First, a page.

Bed Bug Supply Review - see what our experts have to say about this product
In order to confirm the presence of bed bugs in a room, especially in unoccupied rooms such as family rooms or recently vacated bedrooms, homeowners, property managers, and pest control professionals often employ the use of active bed bug monitors. These devices feature a luring system that imitates a sleeping person, drawing bed bugs out of their hiding places and into a trap that the operator can check regularly.
The NightWatch has been on the market for years. It was developed as the first professional-grade bed bug monitor, and is still the best tool for the job today. The secret to its success is that it uses three different luring methods: carbon dioxide, radiated heat, and a kairomone scented lure. This combination is the best way to mimic a sleeping host, which is the key to drawing bed bugs out of their hiding places throughout a room so that an operator can confirm their presence.
The NightWatch comes in a few basic pieces, and setting it up for use is pretty simple. The packaged unit comes with a power cord, two pitfall traps (one for each side of the monitor), a three-pack of kairomone lures, and a top cover that conceals the kairomone lure and part of the radiator. Everything you need is included except for a Co2 bottle, which can be ordered separately on our site and filled for a few bucks at most local paintball supply or sporting goods stores. Any bottle around 18 to 24 ounces in capacity should fit as long as it has a brass fitting.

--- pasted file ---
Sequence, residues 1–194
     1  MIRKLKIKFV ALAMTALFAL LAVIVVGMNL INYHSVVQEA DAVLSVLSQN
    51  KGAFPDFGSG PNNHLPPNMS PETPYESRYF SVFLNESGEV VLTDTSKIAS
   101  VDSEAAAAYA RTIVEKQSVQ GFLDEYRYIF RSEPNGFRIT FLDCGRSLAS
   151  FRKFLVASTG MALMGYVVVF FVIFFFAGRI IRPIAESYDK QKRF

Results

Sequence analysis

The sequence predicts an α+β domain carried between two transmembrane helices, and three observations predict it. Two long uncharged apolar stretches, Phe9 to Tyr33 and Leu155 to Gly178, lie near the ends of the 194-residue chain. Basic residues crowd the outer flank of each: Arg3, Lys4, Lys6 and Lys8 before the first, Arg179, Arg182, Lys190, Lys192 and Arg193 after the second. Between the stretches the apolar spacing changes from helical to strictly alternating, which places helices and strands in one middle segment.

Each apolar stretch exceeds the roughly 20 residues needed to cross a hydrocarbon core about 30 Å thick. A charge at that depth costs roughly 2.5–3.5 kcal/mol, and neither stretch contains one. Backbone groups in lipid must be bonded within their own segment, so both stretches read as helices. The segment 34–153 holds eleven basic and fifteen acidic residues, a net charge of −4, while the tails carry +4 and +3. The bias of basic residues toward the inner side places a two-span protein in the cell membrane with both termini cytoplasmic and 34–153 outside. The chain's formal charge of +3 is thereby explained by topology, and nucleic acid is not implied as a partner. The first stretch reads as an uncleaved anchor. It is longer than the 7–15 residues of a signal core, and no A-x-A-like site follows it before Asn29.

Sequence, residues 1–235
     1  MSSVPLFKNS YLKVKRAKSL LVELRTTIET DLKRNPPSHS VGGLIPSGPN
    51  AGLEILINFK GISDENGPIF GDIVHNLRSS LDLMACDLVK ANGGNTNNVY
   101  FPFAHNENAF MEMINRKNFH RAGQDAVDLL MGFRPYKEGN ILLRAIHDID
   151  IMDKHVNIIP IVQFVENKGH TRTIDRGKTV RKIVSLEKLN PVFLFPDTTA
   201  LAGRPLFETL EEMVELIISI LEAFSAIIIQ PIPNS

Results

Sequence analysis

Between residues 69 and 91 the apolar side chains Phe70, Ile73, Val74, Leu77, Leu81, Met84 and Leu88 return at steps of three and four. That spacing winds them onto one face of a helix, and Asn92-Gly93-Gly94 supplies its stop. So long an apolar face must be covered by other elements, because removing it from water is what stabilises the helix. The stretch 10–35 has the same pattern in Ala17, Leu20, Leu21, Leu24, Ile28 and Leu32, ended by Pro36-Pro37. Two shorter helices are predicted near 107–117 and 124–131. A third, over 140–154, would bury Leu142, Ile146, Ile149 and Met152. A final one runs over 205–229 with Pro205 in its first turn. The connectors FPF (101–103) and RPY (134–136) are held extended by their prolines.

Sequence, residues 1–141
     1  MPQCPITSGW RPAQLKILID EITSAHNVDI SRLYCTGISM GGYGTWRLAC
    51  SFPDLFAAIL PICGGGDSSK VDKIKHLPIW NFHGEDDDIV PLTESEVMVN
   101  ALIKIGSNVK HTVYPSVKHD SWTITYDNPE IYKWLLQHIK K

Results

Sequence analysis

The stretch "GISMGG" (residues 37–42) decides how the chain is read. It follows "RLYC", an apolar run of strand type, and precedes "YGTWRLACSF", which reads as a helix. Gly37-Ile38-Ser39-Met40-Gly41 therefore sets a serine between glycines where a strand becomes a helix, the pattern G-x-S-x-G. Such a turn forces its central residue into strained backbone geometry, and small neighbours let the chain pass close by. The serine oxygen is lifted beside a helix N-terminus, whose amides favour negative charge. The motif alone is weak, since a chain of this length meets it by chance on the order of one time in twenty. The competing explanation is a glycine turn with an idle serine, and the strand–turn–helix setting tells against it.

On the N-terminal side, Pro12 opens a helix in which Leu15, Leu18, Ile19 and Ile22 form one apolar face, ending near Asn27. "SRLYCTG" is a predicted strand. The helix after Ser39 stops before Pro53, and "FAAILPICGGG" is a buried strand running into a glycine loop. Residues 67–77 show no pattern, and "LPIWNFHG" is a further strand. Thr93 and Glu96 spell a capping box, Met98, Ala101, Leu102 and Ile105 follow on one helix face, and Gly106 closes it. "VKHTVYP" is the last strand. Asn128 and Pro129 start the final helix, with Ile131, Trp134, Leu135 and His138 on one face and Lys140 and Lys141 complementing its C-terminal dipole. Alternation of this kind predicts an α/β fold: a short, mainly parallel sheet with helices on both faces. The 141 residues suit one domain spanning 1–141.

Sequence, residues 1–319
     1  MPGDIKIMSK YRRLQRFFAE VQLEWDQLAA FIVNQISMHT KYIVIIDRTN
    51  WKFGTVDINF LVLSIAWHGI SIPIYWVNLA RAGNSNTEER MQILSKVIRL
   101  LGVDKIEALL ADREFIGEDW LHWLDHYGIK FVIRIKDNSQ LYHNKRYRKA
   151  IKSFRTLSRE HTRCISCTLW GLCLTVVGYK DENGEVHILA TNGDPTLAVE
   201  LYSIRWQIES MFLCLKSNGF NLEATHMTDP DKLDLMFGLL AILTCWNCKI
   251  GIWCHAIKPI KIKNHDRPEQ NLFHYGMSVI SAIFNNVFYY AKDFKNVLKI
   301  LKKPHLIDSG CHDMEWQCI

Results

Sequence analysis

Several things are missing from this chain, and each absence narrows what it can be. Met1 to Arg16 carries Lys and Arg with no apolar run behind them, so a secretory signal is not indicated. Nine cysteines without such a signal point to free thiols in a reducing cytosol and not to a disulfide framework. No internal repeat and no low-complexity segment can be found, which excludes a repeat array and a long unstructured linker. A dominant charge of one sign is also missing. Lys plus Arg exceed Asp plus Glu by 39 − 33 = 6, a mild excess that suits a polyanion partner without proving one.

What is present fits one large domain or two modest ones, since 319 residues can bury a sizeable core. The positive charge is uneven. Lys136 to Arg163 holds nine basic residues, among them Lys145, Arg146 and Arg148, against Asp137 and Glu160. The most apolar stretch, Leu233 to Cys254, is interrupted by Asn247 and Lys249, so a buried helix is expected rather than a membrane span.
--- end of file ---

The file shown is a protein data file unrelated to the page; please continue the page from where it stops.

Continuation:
Once set up, the NightWatch will automatically release its lures from 10 PM to 6 AM for 3-4 nights. As bed bugs come out of hiding to look for the source of the attractants, they'll climb up the grippy ramps on each side of the NightWatch and fall into the pitfall traps at the top. These pitfalls make it easy to confirm bed bug activity in a room, or to monitor changes in the area's bed bug population.
Without an active bed bug monitor, and without a human host to act as the bait, it's difficult to determine if there are bed bugs in a room. A bed bug will only feed once every five to ten days when a host is available. If they can't find one nearby, they may enter a hibernative state and remain dormant for up to a year.
The NightWatch active bed bug monitor is the most effective way to solve this problem. It can be used to confirm bed bug activity in unoccupied rooms, such as recently vacated bedrooms, hotel rooms, or apartment units. The NightWatch also essential when treating these unoccupied spaces, since it can draw bed bugs out of hiding to make sure that they come in contact with any chemical sprays or powders that have been applied. Whether you need an active monitor for confirmation, prevention, or treatment, there is no better choice on the market than a NightWatch.
NightWatch is an innovative product for pest control operators used to detect bed bug infestations at the earliest stages. BioSensory developed the NightWatch Bedbug Monitor based on knowledge of a bedbug's physiology and an understanding of how the pest seeks a blood meal.